Local government leaders statewide probably are breathing easier after the Illinois Legislature last week did not follow through on a proposed cut to the Local Government Distributive Fund.
The budget passed Monday, May 31, leaves intact the 6.06% rate of LGDF revenue shared with local governments.
Homewood, Flossmoor and Hazel Crest officials had joined a lobbying effort in recent weeks aimed at preventing the cut to a funding mechanism that municipalities depend on.
LGDF was established in 1969 to share state income taxes with local governments in lieu of local income taxes. Initially, municipalities were to be given 10% of total income tax collections on a per capita basis.
In recent years, the LGDF rate was cut to 6.06% of the state’s total income tax collections. A proposal this year would have trimmed an additional 10%, which critics of the move said would make local governments even more reliant on property taxes.
Some communities would have been more vulnerable to the cut than others. Homewood, with robust sales tax revenue, might have weathered the cut better than some. Still, Mayor Richard Hofeld said there are projects that wouldn’t be possible if LGDF revenue was cut.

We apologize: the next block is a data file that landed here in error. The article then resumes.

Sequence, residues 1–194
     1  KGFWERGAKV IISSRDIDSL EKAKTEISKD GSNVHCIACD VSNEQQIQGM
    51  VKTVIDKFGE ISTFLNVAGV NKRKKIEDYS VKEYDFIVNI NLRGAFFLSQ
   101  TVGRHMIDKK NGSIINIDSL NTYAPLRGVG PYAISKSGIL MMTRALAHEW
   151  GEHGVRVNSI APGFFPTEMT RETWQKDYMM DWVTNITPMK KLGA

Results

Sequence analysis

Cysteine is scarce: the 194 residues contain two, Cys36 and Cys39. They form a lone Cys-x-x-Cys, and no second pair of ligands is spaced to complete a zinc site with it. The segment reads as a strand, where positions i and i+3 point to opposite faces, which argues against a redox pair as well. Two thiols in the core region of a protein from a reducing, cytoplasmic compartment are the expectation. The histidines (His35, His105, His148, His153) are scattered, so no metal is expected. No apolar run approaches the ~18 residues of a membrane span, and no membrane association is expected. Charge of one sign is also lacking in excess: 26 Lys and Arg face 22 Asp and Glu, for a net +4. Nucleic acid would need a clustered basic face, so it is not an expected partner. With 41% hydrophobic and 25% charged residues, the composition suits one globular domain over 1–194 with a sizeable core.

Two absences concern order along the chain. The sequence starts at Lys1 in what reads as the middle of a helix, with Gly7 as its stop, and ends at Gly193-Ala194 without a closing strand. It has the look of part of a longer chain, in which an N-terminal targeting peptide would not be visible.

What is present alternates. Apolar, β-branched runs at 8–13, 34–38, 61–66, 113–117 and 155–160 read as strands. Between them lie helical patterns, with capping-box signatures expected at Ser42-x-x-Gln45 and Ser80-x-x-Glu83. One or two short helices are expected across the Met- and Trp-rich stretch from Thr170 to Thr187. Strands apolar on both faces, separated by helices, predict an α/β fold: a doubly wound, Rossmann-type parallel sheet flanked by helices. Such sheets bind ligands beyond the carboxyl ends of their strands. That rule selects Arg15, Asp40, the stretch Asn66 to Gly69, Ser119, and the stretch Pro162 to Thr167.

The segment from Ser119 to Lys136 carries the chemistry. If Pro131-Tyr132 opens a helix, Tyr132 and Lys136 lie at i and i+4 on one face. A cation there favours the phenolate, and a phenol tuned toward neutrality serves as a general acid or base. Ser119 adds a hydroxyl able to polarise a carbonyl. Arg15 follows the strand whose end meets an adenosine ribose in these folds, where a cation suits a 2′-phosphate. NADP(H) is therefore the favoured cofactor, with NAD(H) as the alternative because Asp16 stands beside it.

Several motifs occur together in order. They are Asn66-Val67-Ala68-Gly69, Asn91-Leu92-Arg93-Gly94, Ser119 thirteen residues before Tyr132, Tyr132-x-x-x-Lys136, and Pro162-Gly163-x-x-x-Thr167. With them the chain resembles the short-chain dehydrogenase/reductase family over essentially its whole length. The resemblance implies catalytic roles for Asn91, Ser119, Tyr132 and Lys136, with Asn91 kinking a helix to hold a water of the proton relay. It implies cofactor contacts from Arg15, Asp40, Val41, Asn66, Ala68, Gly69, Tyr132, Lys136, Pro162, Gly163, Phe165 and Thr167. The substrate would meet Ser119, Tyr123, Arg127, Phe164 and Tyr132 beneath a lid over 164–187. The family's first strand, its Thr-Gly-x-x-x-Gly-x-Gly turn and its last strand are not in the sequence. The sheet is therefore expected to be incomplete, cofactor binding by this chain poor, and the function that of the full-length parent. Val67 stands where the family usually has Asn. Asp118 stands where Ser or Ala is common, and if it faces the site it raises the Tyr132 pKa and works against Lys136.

The Homewood Board of Trustees approved a resolution at its May 25 meeting urging lawmakers to not only refrain from further cuts but to restore the LGDF rate to its original 10%. Homewood received nearly $2 million from the state in each of the past two years, so the proposed cut would have cost the village about $200,000.
Flossmoor Mayor Michelle Nelson said the cuts would have cost the village about $100,000, and that would have “a direct impact on police, fire and public works services.”
“In Flossmoor, the loss of $100,000 can be thought of as nearly three police squads, nearly a year’s worth of sidewalk replacement or parkway tree trimming and maintenance, or the equivalent of one full-time police or fire personnel,” she said.
Nelson warned, before the vote, that “If this proposed reduction passes, Flossmoor does not have an alternative revenue source to raise all of this lost revenue.”
Cook County Board President Toni Preckwinkle and a group of suburban mayors representing 275 Chicago-area municipalities held a news conference on Wednesday, May 19, to argue against the proposed cut.
Hazel Crest Village President Vernard Alsberry Jr., past president of the South Suburban Mayors and Managers Association, which represents Homewood and Flossmoor, was among the speakers.
“Municipalities depend on LGDF dollars to lessen the burden on homeowners who pay property taxes, while keeping municipalities operating and providing basic services,” Alsberry said. “Illinoisans pay among the highest property taxes in the nation and cannot afford further increases during these challenging and uncertain times.”